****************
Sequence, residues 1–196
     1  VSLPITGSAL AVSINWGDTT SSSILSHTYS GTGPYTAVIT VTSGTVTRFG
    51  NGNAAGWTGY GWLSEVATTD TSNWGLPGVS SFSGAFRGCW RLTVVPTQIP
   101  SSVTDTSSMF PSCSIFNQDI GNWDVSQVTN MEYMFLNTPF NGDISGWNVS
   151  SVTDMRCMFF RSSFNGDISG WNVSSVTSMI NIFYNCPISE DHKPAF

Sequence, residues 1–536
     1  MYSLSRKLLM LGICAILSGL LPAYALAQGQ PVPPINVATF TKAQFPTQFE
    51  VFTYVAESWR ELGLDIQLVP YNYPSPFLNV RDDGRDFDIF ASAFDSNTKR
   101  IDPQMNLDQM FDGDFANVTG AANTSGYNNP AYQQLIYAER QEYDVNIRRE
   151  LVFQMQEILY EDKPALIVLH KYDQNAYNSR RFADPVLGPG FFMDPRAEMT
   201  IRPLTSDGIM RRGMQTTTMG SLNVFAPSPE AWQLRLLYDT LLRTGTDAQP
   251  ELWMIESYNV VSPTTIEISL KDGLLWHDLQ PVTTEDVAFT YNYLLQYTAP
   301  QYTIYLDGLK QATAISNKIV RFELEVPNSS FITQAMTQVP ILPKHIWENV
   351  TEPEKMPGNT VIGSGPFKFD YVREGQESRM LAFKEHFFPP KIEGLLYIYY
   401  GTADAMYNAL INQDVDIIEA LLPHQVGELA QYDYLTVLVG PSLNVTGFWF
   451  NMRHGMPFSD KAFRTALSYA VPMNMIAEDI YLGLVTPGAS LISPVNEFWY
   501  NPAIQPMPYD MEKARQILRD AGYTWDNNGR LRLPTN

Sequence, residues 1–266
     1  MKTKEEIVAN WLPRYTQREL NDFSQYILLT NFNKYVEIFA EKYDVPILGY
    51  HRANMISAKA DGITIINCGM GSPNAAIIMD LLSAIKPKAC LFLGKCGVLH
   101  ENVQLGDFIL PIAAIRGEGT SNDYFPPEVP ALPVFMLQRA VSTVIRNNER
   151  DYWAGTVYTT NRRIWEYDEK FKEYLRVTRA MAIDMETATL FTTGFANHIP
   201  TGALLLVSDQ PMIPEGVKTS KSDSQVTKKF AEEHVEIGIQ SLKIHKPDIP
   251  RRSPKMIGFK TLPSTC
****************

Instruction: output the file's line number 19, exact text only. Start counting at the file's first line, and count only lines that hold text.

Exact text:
     1  MKTKEEIVAN WLPRYTQREL NDFSQYILLT NFNKYVEIFA EKYDVPILGY